There are some situations which require us to be constantly alert and ready to take action to protect ourselves because our life depends on it. However, many people experience almost constant fear and anxiety even though they are aware that there is no immediate threat to their life or their physical wellbeing, they are aware that others would not feel such fear if placed in similar situations. This blog explores one possible source of such anxieties.
As you saw in our previous blog on fear, (http://exploringtheshadow.co.uk/2014/07/18/why-we-may-feel-overwhelming-fear-in-safe-everyday-situations-2/), When working with fear in shadow work we speak directly to the part of us that is working so hard to keep us safe, the part of us that deals with our fear and our assessment of risk. We explore the role this part is playing for us and how well it is able to assess genuine risks. However, we find in some instances that our fear is also closely related to our ability to feel and respond to anger, so sometimes we might need to do work around anger too. This is because if we don’t have a healthy relationship with anger then we are unlikely to be able to maintain strong clear boundaries with which to protect ourselves. The effect of this is that we can easily be invaded by outside forces, leaving us with the sense we are not safe.
In the seemingly unsafe world that this lack of boundaries creates for us our fear needs to endlessly step forward, ringing alarm bells about many everyday situations rather than trusting that we can handle these effectively and put appropriate boundaries in place. Instead of being a life saving tool alerting us only when we are under serious threat our fear ends up needing to be hyper vigilant. It engages constantly to help us survive in our unprotected state.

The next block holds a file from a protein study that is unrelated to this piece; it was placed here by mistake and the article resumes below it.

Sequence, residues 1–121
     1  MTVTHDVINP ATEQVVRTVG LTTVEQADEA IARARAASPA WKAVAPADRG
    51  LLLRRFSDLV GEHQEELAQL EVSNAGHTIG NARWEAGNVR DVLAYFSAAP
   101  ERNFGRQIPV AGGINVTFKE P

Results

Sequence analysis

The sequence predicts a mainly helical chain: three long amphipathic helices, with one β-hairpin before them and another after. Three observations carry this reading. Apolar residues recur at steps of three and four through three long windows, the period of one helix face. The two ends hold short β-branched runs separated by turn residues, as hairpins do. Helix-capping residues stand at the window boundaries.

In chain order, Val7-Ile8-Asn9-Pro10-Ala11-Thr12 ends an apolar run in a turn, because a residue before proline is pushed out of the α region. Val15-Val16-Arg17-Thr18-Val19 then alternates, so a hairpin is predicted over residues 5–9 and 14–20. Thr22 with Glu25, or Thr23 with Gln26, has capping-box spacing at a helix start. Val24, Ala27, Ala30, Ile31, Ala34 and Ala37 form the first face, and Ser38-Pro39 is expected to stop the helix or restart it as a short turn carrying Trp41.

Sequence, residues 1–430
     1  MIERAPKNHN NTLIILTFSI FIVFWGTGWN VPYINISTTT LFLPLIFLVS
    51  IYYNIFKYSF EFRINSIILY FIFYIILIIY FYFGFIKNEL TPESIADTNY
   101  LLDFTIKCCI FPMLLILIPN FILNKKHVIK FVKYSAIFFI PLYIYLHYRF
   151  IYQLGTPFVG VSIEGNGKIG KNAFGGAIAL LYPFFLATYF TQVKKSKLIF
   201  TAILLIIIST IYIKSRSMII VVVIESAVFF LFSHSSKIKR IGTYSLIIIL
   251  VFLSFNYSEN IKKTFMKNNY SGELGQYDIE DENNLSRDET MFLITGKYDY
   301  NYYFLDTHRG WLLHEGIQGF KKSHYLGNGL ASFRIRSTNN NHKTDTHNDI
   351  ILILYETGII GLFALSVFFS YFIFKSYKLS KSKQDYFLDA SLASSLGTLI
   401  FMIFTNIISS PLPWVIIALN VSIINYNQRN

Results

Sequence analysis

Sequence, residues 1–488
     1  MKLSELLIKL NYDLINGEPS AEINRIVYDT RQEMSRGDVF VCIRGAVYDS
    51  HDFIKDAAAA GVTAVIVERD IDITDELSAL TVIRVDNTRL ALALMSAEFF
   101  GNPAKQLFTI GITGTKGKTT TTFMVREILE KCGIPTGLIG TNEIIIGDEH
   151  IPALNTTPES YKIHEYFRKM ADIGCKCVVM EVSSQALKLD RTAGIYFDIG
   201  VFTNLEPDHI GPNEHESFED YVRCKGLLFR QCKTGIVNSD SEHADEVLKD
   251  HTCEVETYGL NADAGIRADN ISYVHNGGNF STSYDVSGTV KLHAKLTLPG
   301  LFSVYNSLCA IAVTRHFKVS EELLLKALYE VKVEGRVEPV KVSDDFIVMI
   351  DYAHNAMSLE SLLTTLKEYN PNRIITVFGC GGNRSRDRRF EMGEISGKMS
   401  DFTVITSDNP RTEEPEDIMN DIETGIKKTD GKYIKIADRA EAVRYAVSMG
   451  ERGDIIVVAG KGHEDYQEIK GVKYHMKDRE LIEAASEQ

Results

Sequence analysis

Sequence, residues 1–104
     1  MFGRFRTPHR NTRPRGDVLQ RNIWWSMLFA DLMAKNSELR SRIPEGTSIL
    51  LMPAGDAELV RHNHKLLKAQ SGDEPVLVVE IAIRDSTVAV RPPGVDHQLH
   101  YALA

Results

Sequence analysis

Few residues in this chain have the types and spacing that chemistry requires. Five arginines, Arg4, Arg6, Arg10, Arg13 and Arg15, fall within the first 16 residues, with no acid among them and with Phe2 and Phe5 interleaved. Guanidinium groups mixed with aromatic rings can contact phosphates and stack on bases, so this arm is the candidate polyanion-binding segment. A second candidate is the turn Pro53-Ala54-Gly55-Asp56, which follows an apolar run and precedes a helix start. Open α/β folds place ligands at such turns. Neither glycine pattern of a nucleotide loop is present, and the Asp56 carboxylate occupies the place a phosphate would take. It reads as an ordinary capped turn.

These potential ‘threat’ warnings from our fear are overwhelming because we don’t believe we have the strategies necessary to protect ourselves. We try to ignore the warnings as we don’t want to turn to face the perceived dangers. The warnings become repetitive and unrelenting, ending in worry, anxiety, panic attacks, and longer term psychological disturbances.
Working with fear in a shadow work context, we first investigate the nature of a participants fear, and its source as discussed in the previous blog. However we may also work with the participant to help them build a healthy relationship to their anger and to begin to set strong clear boundaries to help them feel safe. If we are able to build up these skills it’s possible then to have a much healthier relationship with fear, responding to perceived threats from a strong platform that is calm, and focussed, ready to take action if necessary.
We now no longer need to be overwhelmed by our fears or to try to ignore or override them, we can trust them, knowing we have the tools to respond when necessary. Our early warning system is in place and effective.
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To watch a talk about the Magician Archetype (Which is the Archetype related to fear)
To watch a talk about the Warrior Archetype (Which is the Archetype related to anger)